Another step change came a year later when the annual scorecards moved to a fully electronic system, and it moved to a ‘good agricultural practice’ approach, with scorecards weighted to ‘major must-dos’, ‘minors’ and ‘recommended’. Members must achieve 100% of the majors, and 80% of the minors.
Reporting both biodiversity enhancement and water use were made ‘must-dos’ in 2009, though, said Manson “we have a lot of water in New Zealand compared with other wine producing areas, but availability is starting to become more of an issue, in terms of what happens to water quality downstream.” And while limits are set with pesticides, including having achieved the elimination of organophosphates over time, water measurements are more about getting users to understand their usage relative to the regional average, with the aim of using water more efficiently. Indeed, said Manson “one winery’s use was so high, that they subsequently found a water leak.”
In 2012, measuring and reporting energy use will also fall into the ‘must-do’ category.
With their more robust electronic database, Manson said the next step is greater data management, with the intention to invest in some rigorous analysis now that they have two and sometimes three years worth of data on some measurements. Manson said to expect much more noise from New Zealand in the next six to twelve months.
Engagement rather than compliance is the persistent theme for California’s Sustainable Winegrowing Program (SWP). SWP has always been a self-assessment workbook. There are no minimum standards, but plenty of education and best practice toolkits for self-improvement. Allison Jordan, executive director of the California Sustainable Winegrowing Alliance explained “the idea is that you enter where you are, and the workbook provides guidance regarding how to make improvements in all areas, starting from your own baseline.”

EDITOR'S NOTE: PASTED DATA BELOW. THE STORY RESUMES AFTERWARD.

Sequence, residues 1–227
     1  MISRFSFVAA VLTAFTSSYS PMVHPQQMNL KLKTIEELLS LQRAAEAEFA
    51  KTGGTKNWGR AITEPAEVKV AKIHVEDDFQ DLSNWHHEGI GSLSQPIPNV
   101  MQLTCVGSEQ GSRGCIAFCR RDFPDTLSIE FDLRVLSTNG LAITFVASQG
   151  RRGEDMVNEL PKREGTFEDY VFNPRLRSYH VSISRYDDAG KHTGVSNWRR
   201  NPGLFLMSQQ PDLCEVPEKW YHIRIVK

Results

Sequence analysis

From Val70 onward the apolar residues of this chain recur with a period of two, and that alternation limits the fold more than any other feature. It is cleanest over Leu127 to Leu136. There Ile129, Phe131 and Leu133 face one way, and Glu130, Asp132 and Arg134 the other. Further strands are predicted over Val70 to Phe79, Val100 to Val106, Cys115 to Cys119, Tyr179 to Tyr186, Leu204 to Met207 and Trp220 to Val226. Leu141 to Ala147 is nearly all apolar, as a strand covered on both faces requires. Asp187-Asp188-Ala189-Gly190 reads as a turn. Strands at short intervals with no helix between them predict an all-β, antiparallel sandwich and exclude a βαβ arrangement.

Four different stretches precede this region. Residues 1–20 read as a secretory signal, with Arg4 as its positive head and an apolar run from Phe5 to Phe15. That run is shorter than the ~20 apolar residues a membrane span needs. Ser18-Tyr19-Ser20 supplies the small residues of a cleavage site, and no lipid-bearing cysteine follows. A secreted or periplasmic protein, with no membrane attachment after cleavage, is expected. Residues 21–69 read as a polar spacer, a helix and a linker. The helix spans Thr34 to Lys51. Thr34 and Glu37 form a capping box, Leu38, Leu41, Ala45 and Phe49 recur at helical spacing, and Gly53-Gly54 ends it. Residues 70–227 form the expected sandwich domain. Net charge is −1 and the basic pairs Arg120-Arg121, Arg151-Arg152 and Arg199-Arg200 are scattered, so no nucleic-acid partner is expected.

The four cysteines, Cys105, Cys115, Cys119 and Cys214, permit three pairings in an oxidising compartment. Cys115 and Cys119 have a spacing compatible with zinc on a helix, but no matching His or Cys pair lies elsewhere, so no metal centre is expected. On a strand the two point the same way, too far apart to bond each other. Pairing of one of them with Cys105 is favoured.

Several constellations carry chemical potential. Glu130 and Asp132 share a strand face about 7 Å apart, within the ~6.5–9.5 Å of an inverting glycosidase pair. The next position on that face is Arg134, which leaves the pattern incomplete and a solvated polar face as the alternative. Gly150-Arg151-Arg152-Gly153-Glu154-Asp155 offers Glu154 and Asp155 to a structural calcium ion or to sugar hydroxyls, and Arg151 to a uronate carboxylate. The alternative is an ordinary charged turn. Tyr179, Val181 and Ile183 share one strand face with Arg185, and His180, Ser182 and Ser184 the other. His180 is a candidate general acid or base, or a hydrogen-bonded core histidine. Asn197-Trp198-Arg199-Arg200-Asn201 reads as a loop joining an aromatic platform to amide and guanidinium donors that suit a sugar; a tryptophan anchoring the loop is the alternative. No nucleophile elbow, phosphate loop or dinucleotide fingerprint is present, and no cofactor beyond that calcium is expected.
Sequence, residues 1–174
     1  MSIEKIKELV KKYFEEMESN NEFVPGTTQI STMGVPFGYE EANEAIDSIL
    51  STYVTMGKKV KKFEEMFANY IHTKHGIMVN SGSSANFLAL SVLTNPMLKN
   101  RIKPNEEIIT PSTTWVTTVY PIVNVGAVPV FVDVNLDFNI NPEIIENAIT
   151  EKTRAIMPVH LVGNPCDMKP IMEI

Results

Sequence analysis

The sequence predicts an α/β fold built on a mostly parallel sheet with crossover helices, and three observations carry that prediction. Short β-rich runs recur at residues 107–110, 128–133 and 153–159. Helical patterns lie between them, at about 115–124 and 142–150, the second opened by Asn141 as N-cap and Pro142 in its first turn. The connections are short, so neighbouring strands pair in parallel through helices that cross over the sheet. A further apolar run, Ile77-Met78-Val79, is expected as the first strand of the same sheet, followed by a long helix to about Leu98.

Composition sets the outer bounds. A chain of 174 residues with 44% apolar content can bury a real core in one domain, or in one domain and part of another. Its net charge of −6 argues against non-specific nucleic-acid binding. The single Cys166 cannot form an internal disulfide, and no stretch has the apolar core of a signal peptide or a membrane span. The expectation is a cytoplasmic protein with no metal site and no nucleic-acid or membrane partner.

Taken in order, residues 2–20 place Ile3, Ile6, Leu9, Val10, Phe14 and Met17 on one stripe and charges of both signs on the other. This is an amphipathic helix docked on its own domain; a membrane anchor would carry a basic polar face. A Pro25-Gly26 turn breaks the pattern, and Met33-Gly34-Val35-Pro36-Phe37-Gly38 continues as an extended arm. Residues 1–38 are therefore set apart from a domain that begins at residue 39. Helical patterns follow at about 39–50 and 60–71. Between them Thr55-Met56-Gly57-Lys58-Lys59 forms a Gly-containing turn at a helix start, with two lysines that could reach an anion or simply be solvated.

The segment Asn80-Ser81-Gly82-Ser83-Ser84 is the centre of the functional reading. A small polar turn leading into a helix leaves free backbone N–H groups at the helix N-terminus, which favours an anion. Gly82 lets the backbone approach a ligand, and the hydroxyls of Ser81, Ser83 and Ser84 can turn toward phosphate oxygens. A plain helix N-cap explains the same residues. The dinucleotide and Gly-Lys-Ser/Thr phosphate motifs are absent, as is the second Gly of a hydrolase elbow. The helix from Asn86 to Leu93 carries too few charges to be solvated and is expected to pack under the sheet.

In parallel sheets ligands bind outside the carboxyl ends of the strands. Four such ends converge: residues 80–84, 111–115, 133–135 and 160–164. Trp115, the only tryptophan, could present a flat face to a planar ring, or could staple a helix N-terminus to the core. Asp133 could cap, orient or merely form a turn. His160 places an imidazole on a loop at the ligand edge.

And, she added, between 2004 (the baseline reporting) and 2009 (the latest report), “we showed improvement in 60% of the 227 criteria” in the workbook. After focused education, she said, we “increased grower performance for 35 of the 38 IPM criteria, for seven out of seven energy efficiency vineyard criteria, and seven of ten energy efficiency criteria.” This resulted in enough electricity savings to power a community of 8,500 for a year (55m kwh), and to remove 30,000 tons of CO2 emissions.
Since the programme’s launch in 2002, self assessments have been completed that cover about 70% of California’s vineyard acreage and 65% of the state’s production.
The workbook was given a major overhaul in 2006, with the addition of an air quality chapter, and expanded soil erosion criteria. It is undergoing another major review and gap analysis of every criterion to address new regulations and new resources. Jordan said “we expect to have the new workbook completed by the middle of 2012.”
A major step in January 2010 saw the introduction of optional third party certification, for which 58 criteria, and improvement of others, must be met. In its first 22 months, some 11% of California’s vineyard acreage has been certified to Certified California Sustainable Winegrowing standards. Jordan reported “the certification programme has led to significant improvements in the wineries and vineyards that are certified.” And, she added “these pre-requisite criteria will be revisited over time, and may become more stringent, or include more pre-requisites over time.”
Next on the agenda for the California wine industry, said Jordan is the recent commencement of “a full life cycle analysis that includes electricity, fossil fuel use, and packaging and distribution.”
As the three goalposts of environmental, economic and social equity sustainability necessarily keep moving, such evolving overarching sustainability programmes are gradually incorporating some of the ‘single-issue’ initiatives, such as LCA GHG emissions, organic/biodynamic, carbon neutral and water footprints. Increasingly robust data will ensure the trek can be tracked transparently.